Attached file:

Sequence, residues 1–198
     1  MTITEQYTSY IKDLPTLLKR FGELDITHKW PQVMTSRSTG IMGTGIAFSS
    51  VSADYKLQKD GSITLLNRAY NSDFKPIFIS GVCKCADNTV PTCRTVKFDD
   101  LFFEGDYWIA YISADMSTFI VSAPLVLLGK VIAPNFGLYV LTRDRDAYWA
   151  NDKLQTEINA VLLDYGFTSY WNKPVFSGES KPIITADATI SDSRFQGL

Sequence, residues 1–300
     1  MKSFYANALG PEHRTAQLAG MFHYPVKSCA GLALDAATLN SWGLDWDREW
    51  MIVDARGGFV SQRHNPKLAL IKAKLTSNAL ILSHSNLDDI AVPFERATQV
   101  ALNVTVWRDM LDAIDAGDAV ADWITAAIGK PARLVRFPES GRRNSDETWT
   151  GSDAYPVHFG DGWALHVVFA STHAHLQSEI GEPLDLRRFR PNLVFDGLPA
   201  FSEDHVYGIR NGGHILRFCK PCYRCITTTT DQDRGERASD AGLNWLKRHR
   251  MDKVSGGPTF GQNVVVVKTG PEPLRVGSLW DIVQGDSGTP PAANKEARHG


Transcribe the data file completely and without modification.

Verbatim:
Sequence, residues 1–198
     1  MTITEQYTSY IKDLPTLLKR FGELDITHKW PQVMTSRSTG IMGTGIAFSS
    51  VSADYKLQKD GSITLLNRAY NSDFKPIFIS GVCKCADNTV PTCRTVKFDD
   101  LFFEGDYWIA YISADMSTFI VSAPLVLLGK VIAPNFGLYV LTRDRDAYWA
   151  NDKLQTEINA VLLDYGFTSY WNKPVFSGES KPIITADATI SDSRFQGL

Sequence, residues 1–300
     1  MKSFYANALG PEHRTAQLAG MFHYPVKSCA GLALDAATLN SWGLDWDREW
    51  MIVDARGGFV SQRHNPKLAL IKAKLTSNAL ILSHSNLDDI AVPFERATQV
   101  ALNVTVWRDM LDAIDAGDAV ADWITAAIGK PARLVRFPES GRRNSDETWT
   151  GSDAYPVHFG DGWALHVVFA STHAHLQSEI GEPLDLRRFR PNLVFDGLPA
   201  FSEDHVYGIR NGGHILRFCK PCYRCITTTT DQDRGERASD AGLNWLKRHR
   251  MDKVSGGPTF GQNVVVVKTG PEPLRVGSLW DIVQGDSGTP PAANKEARHG